I actually believe I could exist on pepperoni pizza alone. I would not hesitate to eat it for every meal every single day. It is my absolute favorite food, which is saying something, since I could count on both hands the number of foods I like. I’m a picky eater, but pizza defies the odds and comes in at #1. Pisanello’s, Hungry Howie’s, Marco’s, NYPD, South U, now I’m getting hungry.

 

 

I love looking through photo albums. Luckily, my mom used to be a super scrapbooker, so there are plenty of pictures of my brother and I when we were little. There’s first days of school, fun days at the lake, a plethora of Halloween costumes, the ever-embarassing bathtime shots, and a whole host of other wonderful childhood memories captured within the pages of old scrapbooks.

 

What do you never get tired of?

The Greatest Advice I Always Hoped I Would Get

I’ve always been a romantic, I thought, to a fault. But when reading To a Young Writer by Joyce Carol Oates, I found my validation. It was as if Oates reached into my essence, discovered all of my deepest doubts that echo in my mind telling me I can’t be a good writer the way I am, and then instructed me to be all the things I feared would hold me back.

“Write your heart out.”

Oh, those are the words of advice I have been longing to hear. To be told to write your heart out is so liberating. I have been given permission by a wonderful writer to write my heart out. To not hold back is frightening, but also so exciting! I want to be brave enough to scribble my soul onto the pages.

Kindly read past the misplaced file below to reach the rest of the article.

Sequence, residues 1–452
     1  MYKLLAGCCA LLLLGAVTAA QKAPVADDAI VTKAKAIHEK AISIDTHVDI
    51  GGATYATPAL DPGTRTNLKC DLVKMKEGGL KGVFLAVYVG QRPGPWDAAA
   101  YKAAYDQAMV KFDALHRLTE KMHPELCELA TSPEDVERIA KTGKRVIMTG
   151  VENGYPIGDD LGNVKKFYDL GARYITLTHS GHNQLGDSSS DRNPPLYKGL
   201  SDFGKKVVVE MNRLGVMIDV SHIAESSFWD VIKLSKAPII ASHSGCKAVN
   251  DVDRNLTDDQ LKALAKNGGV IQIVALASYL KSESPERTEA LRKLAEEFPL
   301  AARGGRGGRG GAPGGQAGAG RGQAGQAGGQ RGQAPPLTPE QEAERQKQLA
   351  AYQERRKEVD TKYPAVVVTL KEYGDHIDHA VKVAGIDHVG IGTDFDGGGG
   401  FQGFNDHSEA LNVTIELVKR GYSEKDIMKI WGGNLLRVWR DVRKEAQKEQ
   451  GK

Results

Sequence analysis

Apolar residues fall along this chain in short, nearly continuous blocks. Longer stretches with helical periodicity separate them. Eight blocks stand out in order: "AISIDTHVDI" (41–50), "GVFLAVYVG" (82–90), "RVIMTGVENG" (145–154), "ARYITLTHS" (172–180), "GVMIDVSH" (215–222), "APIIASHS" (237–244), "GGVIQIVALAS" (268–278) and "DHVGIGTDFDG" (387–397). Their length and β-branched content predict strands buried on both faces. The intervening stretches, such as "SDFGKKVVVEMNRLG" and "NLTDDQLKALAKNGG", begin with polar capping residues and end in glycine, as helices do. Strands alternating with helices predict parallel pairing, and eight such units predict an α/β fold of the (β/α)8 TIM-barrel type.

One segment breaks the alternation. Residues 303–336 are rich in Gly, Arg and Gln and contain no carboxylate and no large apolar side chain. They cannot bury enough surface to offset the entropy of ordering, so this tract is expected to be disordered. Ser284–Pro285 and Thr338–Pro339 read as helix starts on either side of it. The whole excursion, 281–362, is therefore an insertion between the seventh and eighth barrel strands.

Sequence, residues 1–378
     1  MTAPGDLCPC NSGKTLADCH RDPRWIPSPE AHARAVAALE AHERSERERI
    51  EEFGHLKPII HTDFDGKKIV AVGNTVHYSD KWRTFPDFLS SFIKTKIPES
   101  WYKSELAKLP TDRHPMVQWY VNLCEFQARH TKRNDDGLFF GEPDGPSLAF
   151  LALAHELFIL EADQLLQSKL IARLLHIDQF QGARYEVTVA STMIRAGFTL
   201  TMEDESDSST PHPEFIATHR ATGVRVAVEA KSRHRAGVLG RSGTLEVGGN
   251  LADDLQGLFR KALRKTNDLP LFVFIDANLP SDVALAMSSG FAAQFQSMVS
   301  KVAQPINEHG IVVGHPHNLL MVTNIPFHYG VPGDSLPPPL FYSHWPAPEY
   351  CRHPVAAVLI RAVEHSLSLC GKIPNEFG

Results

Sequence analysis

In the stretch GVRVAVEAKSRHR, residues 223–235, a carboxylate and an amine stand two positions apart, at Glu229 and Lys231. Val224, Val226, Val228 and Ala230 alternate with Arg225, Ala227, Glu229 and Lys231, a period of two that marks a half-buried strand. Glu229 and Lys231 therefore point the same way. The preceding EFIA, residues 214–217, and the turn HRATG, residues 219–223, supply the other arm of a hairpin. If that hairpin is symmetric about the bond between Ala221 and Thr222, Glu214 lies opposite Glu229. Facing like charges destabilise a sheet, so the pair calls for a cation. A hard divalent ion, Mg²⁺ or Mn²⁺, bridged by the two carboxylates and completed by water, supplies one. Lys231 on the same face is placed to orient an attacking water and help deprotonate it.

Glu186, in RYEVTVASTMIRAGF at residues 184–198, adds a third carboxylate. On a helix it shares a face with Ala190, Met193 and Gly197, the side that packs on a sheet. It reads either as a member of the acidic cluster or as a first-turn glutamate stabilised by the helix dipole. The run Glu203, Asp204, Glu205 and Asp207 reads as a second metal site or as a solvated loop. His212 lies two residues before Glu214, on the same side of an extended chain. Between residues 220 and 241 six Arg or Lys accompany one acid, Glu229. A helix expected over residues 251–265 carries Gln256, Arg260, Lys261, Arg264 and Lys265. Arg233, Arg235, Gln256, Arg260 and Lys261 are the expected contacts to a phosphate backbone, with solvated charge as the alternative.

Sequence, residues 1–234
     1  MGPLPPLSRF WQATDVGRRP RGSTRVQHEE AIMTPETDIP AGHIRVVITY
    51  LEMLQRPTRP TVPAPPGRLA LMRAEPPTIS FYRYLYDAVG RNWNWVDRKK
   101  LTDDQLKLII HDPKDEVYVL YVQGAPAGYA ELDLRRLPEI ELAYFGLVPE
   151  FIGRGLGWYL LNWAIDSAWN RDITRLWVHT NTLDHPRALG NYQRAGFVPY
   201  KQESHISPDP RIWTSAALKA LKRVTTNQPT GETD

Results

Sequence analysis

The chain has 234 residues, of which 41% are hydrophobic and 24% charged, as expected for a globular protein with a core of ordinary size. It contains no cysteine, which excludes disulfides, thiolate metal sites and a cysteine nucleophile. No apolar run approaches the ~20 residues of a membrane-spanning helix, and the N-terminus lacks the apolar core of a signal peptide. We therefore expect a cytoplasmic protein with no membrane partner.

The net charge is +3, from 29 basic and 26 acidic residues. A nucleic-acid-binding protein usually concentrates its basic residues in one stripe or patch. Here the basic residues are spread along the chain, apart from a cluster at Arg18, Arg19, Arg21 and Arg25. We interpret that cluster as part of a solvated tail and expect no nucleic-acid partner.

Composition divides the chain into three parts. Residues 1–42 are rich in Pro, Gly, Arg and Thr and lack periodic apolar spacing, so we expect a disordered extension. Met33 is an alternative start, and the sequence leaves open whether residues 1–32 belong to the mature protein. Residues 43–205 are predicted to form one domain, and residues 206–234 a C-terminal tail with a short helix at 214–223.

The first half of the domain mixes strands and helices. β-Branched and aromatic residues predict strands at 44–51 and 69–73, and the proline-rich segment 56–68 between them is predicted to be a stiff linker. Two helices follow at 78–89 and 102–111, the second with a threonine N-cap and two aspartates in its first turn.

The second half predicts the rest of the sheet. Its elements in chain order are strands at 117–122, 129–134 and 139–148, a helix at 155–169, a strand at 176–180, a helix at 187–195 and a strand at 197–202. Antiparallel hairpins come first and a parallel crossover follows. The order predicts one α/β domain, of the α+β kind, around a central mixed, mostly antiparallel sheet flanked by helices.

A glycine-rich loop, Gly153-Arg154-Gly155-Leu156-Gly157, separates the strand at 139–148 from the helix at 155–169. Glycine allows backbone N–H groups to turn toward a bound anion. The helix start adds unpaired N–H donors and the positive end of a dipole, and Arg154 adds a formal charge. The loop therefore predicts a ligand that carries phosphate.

“Never be ashamed of your subject, and your passion for your subject.”

I can write about anything! I just have to put my passions to pages. Whatever I choose to write will be meaningful, because it means something to me. Maybe that is all that matters–at least, that is what matters most. I can write about love, about life, about the mundane, about the romantic, about…absolutely anything. The universe is my limit.

“Don’t live life in order to write about it since the ‘life’ so lived will be artificial and pointless.”

I’m a small town girl, and sometimes that feels like a curse to a writer. In such mundane existence, what could I possibly have to write about? The answer: anything. Writing enriches life, but an adventurous life does not equal exquisite writing. I don’t have to climb mountains or jump out of airplanes to be an interesting writer; though, maybe I will do all those things someday. The point is I don’t have to to be worthwhile.

“Don’t be ashamed of being an idealist, of being romantic and ‘yearning’.”

I am an idealist–moreover, I’m proud of my idealism. I like walking around with my head in the clouds, hoping to find the good in all things and in all people, dreaming with an open heart and an open mind. I like happy endings; in fact, I usually refuse to watch movies or read books I know will not have a happy ending. Of course, there are exceptions. I’m still a dreamer. I haven’t grown out of that, and I desperately hope I never do.

So take Joyce Carol Oates’ advice: Write your heart out.

 

What Do You Write For?

A longing.

A feeling in your stomach.

Words in your head.

A desire–to be heard, to be known.

But also a privacy: characters to hide behind, to know, to learn from, to create.

A belief.

People are good; life can be happy; beautiful love does exist; this world,

Though it doesn’t make sense,

Is spinning with a purpose.

You have a purpose:

TO WRITE

A world that is yours, but is more,

A world you wrote,

With words you wrote.

 

What do you write for?

Not Quite An Author Bio

 

The Author: Breanna Dey
The Author: Breanna Dey

Breanna Dey is a sister, a daughter, a girlfriend, a cousin, a friend, a student, a stylist, a smiler, a hummer, a dreamer, and a hopeless romantic. She is not a cook, a cleaner, a shopper, an artist, a poet, or a pessimist. She aspires to write words that make people feel deeply, and to avoid the comma splice and boring author bios. She lives in Ann Arbor, but she hopes to live all over the world. Someday she will.